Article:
We’re very proud of the fact again because of how we’re trying to manage our business that we have one of highest average return on equities of all of our peer group which is the whole industry has had actually a very good return on equity and we’ve been in the mid 20s now in terms of ROE and we’re very proud of that.
And we have historically during most of our times been not only an owner of assets, but a manager of assets, we continue to manage assets. Although, today about 72% of our fleet is owned by us.
When we look at the market, both short-term and long-term, we’re optimistic about it. We think that the way that the industry has been laid out, their leasing continues to be relative to historical terms more important to our customer base and that’s in part because of capital constraints that they have, as well as the fact that a lot of the international banks are concentrating less on shipping.
They have been primarily, shipping had been a major focus for them and that’s kind of pull back. So leasing continues to be a significant value proposition for a lot of our customers, and we continue to think that that’s going to be in place for the next couple of years.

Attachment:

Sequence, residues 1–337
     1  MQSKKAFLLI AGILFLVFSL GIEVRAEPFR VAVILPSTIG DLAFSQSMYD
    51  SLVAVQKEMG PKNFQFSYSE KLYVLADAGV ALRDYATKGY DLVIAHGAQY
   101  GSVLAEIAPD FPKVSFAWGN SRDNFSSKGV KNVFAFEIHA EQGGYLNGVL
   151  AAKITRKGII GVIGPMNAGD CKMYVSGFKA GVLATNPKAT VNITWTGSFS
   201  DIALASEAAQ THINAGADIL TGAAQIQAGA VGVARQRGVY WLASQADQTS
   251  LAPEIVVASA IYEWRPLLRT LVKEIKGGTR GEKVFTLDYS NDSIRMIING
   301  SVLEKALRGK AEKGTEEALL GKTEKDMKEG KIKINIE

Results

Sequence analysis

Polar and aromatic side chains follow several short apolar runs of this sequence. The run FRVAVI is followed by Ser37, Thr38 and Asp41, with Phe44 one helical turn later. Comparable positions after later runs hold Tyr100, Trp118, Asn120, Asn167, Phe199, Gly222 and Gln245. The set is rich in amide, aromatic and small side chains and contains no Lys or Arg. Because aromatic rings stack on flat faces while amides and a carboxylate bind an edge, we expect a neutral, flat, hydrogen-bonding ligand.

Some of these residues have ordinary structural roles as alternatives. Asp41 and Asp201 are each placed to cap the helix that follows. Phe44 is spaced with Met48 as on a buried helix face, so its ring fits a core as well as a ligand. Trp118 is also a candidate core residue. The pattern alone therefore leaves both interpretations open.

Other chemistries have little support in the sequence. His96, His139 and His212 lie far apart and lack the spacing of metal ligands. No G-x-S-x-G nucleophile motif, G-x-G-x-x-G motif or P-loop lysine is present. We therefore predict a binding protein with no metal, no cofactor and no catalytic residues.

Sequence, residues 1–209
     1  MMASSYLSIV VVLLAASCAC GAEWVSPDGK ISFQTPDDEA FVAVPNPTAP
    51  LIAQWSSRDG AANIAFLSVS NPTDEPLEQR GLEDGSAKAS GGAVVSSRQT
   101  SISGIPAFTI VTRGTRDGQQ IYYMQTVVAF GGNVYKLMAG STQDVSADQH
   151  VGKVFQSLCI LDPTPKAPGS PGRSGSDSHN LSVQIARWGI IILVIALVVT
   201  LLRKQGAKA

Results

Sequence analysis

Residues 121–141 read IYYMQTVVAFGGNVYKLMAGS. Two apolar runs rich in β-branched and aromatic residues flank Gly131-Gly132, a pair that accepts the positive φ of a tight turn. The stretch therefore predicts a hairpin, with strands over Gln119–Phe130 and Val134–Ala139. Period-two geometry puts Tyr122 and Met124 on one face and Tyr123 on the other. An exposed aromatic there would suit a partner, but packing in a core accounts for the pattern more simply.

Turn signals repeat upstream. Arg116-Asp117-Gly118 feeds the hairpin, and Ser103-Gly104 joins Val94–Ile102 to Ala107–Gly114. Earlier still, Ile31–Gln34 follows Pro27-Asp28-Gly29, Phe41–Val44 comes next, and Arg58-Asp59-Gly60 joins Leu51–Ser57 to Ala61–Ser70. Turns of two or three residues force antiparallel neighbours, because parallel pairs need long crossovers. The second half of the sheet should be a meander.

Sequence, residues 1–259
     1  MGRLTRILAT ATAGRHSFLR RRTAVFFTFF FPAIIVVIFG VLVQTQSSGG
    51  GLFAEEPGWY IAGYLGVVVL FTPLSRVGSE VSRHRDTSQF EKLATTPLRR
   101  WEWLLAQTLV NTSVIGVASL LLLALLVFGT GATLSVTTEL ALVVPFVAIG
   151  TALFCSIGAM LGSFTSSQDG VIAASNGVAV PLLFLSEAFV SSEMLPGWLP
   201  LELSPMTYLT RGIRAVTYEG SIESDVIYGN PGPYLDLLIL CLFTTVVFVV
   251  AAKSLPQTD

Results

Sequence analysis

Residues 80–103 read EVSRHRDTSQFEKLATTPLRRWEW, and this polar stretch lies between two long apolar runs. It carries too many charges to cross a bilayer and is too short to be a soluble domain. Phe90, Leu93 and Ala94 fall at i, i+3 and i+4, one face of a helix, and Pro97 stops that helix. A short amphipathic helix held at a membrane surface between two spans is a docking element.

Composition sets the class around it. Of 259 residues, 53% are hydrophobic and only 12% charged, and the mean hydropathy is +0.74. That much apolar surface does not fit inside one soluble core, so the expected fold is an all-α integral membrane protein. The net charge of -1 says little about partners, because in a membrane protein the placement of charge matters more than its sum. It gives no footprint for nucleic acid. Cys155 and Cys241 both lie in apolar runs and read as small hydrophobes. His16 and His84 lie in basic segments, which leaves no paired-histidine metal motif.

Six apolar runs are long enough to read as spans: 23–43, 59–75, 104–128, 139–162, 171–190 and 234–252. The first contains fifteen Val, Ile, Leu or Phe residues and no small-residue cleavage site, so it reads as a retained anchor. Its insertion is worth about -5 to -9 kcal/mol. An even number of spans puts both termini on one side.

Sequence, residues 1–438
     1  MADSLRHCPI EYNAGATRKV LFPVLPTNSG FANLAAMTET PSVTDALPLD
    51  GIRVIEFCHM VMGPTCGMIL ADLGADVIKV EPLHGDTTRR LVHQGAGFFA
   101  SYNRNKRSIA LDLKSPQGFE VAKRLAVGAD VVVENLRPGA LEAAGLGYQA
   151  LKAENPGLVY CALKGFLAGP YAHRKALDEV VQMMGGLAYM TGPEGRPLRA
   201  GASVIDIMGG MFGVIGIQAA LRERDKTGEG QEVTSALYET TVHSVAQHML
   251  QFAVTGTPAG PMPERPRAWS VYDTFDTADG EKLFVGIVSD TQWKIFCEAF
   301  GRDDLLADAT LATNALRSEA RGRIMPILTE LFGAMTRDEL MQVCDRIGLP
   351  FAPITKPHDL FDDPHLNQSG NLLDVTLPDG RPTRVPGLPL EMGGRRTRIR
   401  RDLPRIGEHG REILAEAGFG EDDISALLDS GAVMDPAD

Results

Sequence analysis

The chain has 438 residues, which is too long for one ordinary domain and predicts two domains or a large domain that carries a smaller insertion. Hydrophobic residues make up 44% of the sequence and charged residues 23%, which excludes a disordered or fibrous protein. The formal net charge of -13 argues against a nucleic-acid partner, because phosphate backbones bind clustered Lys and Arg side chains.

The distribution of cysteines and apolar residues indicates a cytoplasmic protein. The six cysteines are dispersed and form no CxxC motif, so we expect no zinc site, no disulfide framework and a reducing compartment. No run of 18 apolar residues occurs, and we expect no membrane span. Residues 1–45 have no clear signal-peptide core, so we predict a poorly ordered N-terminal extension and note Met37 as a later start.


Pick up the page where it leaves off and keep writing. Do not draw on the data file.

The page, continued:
Overall, the market has been growing. We, last year the market grew about 4%, which was below, what I would say the historical trend had been and which has been around the 8% to 10% range. But given what’s going on in Europe and the slow growth in the U.S., it was more muted last year. It’s expected to pick up somewhat this year. We had a slow first quarter, but we have seen pick up since the end of the first quarter in terms of activity levels, which bode well and we would expect going into the rest of the year.
Secondary market for equipment has remained strong. It remained strong because many of the lessors including ourselves have been enjoying almost full utilization of our equipment and there continues to be very strong demand for equipment for uses outside of our core uses. So secondary prices remain strong, we continue to report significant gain on the residual value of our assets and so that’s a positive aspect.
Okay, on to Slide 5, if you look at our results most recently in our first quarter, we reported $17 million of net income, which was an 18% increase from the $14.4 million in the first quarter of 2012. And if you look at it on a pure apple-to-apples basis, it’s actually a 25% increase in the comparison quarter that we had last year. We had some trading income that increased their earnings there. So, on a momentum basis, we certainly continue to have strong momentum. We have one of the strongest momentums amongst our peer group.
If you look at lease revenue, first quarter of last year to first quarter of this year, we’ve increased our leasing revenue by about 44%. So we continue to see good volume growth, good increases in lease revenue. And the operating margins, if you look at, we still have about 55% operating margin. We are targeting to keep something in the mid to high 50% range and we’re kind of there and I think we continue to report that as we gain efficiencies on our overhead.